Since I wrote about the fascination of mountains in my previous blog post, it makes sense to tie in thematically and also write about a very special mountain. The Kazbek was already mentioned in Greek mythology and supposed to seal the fate of the Titan Prometheus for eternity.
In 2018, I was allowed to have my very own experience with this 5000-meter-high, icy beast, which I could still feel in my own body half a year later. The Kazbek has truly left its mark.
Between the Caspian and Black Seas, the Caucasus mountain range stretches across the national borders of Russia, Georgia, Armenia, Azerbaijan and Iran. Its highest point is the peak of Mount Elbrus in Russia, 5642 meters above sea level. In the northern part, the so-called Great Caucasus on Georgian territory, you can find the 5033 meters high extinct volcano, which is called Qasbegi, or Mqinvartsveri by the local people. Translated, it means “the one covered by ice”. Like a sentinel, its white-covered crest looms over the village of Stepanzminda and the surrounding region.
Mqinvartsveri – The one covered by ice
In Greek mythology we humans are the fosterlings of the Titan Prometheus. During an animal sacrifice he outwitted Zeus, the father of the gods, and leaves him only the worthless parts of the animal, while keeping the good meat for us humans. Completely enraged, Zeus took the fire from man as punishment. When Prometheus then stole the fire from the gods and returned it to the humans, Zeus had the Titan forged to a mountain in the solitude of the Caucasus.
According to mythology, this mountain was the Kazbek. Every day an eagle passed by and feasted on Prometheus’ liver, which regenerated again and again until Heracles finally freed him from his torment. Even today, the Kazbek and its outlets are a sacred place and associated with religious history. The Ossetians, who live in the Caucasus, still call the mountain “Zeristi Jub”, which translates as Christ Mountain Peak. At its feet stands the Gergeti Trinity Church, which is a popular destination and place of worship.
Even before I left, I had made a heated decision to climb this mountain. My romantic idea was to really immerse myself in nature, to get to know a hidden world full of snow, ice and craggy rock, and to look out over the peaks of the Great Caucasus. I had no idea what that meant in reality.
Georgia – A country full of adventures
It is just under 4 hours of adventurous driving from the capital Tbilisi to Stepanzminda. If you have ever taken a cab or a marshrutka – the local minibuses – in Georgia, nothing can upset you. Even the traffic in Hanoi cannot be compared. With dizzying speeds and packed to the brim, these mostly aging minibuses shoot like torpedoes across the country. It sometimes happens that one squeezes into a Ford Transit with 21 other people. A two-lane road is basically made into 3, which can get really exciting during regular overtaking maneuvers. Every time cattle or dogs run into the road, your pulse really shoots up again, especially when a massive truck is heading towards you in oncoming traffic during a mandatory overtaking. After each ride, I felt like I aged years.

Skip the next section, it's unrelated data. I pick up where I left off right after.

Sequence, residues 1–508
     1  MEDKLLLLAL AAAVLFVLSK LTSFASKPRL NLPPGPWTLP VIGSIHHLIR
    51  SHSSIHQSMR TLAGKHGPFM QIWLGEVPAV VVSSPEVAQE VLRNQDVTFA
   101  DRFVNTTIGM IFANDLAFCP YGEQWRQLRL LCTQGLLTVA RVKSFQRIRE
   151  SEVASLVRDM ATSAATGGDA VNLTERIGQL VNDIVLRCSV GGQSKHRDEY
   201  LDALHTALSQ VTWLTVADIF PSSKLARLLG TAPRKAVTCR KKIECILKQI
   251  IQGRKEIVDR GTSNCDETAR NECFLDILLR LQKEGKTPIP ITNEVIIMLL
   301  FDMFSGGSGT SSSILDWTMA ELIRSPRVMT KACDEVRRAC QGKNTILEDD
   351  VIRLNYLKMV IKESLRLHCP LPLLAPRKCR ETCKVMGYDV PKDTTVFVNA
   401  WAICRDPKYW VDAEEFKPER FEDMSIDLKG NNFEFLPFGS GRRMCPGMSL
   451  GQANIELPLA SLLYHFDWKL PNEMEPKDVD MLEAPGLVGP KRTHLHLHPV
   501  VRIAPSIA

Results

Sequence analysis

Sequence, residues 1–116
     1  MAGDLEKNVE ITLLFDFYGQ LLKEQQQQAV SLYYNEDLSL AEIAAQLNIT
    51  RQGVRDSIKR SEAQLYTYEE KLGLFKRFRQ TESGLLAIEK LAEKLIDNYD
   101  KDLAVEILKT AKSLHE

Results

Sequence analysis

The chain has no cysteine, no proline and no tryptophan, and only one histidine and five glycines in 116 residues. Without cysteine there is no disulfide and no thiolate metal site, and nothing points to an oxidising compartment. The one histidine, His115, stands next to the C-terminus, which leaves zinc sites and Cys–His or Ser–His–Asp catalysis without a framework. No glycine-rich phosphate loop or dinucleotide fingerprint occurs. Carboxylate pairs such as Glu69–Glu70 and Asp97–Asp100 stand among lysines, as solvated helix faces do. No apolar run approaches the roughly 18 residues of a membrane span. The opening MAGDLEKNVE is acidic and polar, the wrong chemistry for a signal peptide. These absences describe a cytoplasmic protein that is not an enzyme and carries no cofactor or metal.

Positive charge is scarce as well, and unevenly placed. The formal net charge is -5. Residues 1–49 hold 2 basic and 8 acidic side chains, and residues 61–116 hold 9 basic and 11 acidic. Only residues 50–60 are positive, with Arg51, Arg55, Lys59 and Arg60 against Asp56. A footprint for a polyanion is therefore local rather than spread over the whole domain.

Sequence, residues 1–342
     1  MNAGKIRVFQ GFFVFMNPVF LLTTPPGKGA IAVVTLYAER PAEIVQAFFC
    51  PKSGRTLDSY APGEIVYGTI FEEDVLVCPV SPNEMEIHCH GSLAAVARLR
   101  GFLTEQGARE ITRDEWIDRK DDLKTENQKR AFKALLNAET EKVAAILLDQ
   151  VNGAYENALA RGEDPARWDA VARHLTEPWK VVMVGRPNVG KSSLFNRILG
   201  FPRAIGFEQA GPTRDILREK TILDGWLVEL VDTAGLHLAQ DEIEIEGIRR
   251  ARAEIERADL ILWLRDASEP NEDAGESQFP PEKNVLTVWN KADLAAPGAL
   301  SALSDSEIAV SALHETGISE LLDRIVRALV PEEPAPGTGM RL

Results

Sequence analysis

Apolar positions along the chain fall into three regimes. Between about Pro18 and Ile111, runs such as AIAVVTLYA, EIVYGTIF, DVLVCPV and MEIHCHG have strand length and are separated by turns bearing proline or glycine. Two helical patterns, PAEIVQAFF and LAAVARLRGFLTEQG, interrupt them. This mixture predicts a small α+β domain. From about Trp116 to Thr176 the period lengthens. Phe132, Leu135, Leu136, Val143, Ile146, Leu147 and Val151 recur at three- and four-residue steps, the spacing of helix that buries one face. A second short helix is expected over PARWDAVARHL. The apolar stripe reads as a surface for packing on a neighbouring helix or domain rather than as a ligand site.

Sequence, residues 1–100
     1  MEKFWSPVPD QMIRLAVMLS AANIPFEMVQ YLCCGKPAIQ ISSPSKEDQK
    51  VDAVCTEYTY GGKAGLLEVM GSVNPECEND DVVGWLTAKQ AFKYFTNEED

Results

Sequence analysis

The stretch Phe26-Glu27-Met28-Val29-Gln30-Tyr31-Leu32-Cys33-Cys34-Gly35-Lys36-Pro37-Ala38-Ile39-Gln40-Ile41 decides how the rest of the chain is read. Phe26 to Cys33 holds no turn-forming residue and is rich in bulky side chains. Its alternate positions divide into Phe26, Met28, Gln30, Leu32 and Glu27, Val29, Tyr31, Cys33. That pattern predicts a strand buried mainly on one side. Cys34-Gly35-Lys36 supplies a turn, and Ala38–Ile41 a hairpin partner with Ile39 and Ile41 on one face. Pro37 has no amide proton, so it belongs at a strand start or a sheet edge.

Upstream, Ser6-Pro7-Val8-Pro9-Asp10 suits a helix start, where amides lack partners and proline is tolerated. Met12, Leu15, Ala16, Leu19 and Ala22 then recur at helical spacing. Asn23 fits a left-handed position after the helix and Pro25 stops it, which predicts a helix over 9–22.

Autumn slowly took hold in much of the Caucasus, dropping temperatures to double-digit below zero at higher elevations. This resulted in a lot of fresh snow, both covering crevasses and settling on frozen ice slopes. When the snow starts to melt, it slides away like a board on the underlying ice layer and can lead to huge avalanches.
Afterwards I often heard that Georgian mountain guides are very reticent. I can only confirm this. Once I was equipped by my agency, I met my Russian expedition members and our two mountain guides. There was a sparse briefing and off we went. We drove up to the Gergetier Trinity Church in the early morning by off-road vehicle. By now, a road has been built here to make it easier for tourists to get up to the church. The way takes about 2 hours on foot and goes steeply uphill. What this measure does to the landscape, this picture illustrates quite well.
A completely different world
Already during the ascent to the glacier tongue of Moun Kazbek, the weather showed its most various side. The path meandered over gentle greenery up the steep hills to the tree line. At first, there was only a strong wind blowing with all its might in our way. After a while, however, the wind allied itself with a heavy downpour and, higher up, finally began to throw frozen ice at us. Within seconds, the weather can change and become a sudden challenge. Up to here, however, I was still quite passably equipped, which didn’t change the fact that I was starting to get a little nervous.
Along the lower glacier it went relatively manageable up to a scree field that marked the last ascent to the glacier moraine, on which an old weather station marked the base camp. In the meantime, the hailstorm had turned into a full-blown blizzard that steadily increased in speed over the next 16 hours and to which one or the other tent was to fall victim. A threatening roar was in the air and the sheer force of the wind tugging at you made me flee, intimidated, into the weather station once I reached the top. For the first time I realized what I was getting myself into.